Well, my husband Mike has been on me for quite a while now to have me add something to the blog. So here goes.
On a long drive home form Oregon a couple of weeks ago, I started thinking about a couple of evolutionary issues. I'd heard some explanations for them, but I wasn't convinced that they were good ones. I had a lot of time to think and develop my own theories, so I could research them when I got home. I haven't finished my work on these theories, but as a favor to Mike I'll post a bit about them now, and more later when I finish my research.
So these were the questions that struck me. Why do human males have such large penises? And what, if anything, is the evolutionary significance of female orgasm?
As to the first question- human males have penises that are much larger than one would expect for animals of our size- about 5 3/4 inches. The male gorilla, by contrast, is three times larger but is gifted with only three inches. Why are human males so well-endowed?
As to the second- if orgasm serves any useful evolutionary function in females, what could it be and why has selection for it been so weak? The majority of human females cannot reach orgasm through intercourse alone, and many women never reach orgasm through any means.
So, the theories that I came up with were these.
As far as the male penis, I theorized it evolved much as the antlers of a deer- to serve as an advertisement of "status" to other males and as an advertisement of mate quality to females. Other primates often use their penises in display; I recalled a picture of a colobus in a primate behavior textbook that I own "threatening the photographer" with an erection. I'd also read that bonobos practiced "sword fighting" while hanging from the trees by their toes.
As evolving human males lost hair and their canines shrank, they lost the primary signaling devices that other primates have. So something else needed to take their place. What better than the penis? In an upright, non-hairy hominid, it stood out quite nicely. In addition, the exposed glans of an erect penis added a bit of color to the display, which any mandrill could appreciate. A patch of pubic hair also helped draw attention to the display.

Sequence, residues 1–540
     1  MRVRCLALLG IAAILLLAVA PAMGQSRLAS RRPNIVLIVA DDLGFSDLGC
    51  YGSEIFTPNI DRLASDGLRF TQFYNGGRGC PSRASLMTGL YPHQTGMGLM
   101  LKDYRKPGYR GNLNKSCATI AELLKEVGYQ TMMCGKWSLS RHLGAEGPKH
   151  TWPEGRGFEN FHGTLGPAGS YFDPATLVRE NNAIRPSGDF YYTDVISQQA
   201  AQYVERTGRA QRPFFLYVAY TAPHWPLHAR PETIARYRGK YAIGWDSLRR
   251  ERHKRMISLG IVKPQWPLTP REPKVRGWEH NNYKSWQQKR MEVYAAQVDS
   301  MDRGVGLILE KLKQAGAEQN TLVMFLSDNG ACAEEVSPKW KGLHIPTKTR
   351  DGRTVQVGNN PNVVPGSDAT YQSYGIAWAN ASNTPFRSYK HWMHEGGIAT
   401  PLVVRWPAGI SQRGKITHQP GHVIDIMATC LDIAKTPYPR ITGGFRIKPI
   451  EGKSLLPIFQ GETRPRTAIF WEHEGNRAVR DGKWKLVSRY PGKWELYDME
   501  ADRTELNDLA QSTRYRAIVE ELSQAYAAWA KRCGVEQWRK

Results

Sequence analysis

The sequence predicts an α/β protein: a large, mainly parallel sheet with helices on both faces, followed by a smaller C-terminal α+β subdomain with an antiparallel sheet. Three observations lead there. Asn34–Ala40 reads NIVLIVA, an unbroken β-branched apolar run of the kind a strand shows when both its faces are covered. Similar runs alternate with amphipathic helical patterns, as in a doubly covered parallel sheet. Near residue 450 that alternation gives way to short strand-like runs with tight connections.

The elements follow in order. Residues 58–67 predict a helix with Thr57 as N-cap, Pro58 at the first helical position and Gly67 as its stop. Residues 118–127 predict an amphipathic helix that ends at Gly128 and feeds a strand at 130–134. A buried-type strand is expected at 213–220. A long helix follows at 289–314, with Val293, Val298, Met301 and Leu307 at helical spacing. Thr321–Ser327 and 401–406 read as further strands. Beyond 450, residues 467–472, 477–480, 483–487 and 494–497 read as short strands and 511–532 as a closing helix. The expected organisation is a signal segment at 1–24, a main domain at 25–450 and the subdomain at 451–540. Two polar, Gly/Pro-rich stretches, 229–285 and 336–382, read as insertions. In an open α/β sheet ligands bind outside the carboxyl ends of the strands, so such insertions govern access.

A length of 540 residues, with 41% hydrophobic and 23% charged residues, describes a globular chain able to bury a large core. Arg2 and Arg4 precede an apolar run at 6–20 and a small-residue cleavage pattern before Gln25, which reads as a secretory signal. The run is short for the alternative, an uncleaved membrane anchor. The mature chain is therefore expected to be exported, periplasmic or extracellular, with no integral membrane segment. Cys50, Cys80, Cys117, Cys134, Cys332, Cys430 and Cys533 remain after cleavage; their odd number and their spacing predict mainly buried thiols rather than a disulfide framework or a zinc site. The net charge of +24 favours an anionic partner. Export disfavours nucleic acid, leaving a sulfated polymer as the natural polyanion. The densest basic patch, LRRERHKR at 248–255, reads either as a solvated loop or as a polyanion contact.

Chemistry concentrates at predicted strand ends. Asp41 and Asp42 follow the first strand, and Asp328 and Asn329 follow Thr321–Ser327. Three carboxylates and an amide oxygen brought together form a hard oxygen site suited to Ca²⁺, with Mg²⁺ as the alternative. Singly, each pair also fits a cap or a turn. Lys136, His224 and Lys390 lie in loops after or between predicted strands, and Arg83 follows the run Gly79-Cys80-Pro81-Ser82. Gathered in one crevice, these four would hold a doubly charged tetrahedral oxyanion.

So there we go. Want to threaten the other males with how big and virile you are? Shake that at them. Want to impress the females with your health and quality? You've got a nice visual signal ready for display.
So that explained a lot-especially the still-existing fascination among both sexes for large penises (codpieces, anyone?), and the fact that so many males feel inadequate if they think theirs is not up to spec.
Female orgasm was trickier. None of the theories I could think of for its evolution could explain its spotty distribution. So perhaps it hadn't evolved at all.
No, I'm not turning creationist. But it struck me that female orgasm could be just a lucky accident of development. Both the male and the female genital organs develop from the genital tubercle. If you're male, some of that sensitive, blood and nerve-filled tissue becomes the glans penis. If you're female, it becomes the clitoris. The tissue is ideally situated to become the glans. There is strong evolutionary pressure for the development of sensitive tissue in the male, because male orgasm is necessary to reproduce. Making it pleasurable makes it even more likely that the male will ensure that his genes are propagated.
So, as a female, you still have that sensitive tissue. But, because it evolved to become the tip of the male penis, it's located some ways away from the vagina. It's not ideally situated for stimulation through intercourse. There hasn't been active selection for women who orgasm easily because, alas, it's not necessary for female fertilization.
So, female orgasm could be just a lucky accident of development; an embryological leftover.
Next installment- what the research showed. As it turns out, I wasn't the only one to come up with these ideas.